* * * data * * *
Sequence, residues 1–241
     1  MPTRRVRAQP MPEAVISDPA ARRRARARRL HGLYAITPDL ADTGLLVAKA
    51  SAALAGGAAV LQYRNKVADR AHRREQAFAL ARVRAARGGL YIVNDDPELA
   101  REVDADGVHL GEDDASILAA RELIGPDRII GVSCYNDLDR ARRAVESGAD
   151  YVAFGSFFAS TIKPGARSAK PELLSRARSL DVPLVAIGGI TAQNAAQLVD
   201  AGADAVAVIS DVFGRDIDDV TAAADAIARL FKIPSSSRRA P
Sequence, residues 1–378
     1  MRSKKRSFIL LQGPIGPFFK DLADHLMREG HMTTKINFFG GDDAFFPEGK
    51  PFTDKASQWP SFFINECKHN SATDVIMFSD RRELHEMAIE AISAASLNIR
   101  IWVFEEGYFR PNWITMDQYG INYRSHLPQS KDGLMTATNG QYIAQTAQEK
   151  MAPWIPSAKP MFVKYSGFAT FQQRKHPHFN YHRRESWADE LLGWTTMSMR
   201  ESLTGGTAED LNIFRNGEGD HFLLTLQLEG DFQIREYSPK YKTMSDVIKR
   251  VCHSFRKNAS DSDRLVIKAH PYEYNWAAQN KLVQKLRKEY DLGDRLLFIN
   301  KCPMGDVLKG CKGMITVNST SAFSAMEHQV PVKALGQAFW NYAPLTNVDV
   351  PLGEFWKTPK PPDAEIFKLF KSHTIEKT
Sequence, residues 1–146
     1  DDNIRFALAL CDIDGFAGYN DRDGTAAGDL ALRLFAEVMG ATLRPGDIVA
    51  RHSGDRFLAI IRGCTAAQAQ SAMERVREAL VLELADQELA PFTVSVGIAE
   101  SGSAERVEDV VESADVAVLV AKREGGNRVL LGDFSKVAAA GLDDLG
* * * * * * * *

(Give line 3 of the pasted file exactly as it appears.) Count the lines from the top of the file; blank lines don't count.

    51  SAALAGGAAV LQYRNKVADR AHRREQAFAL ARVRAARGGL YIVNDDPELA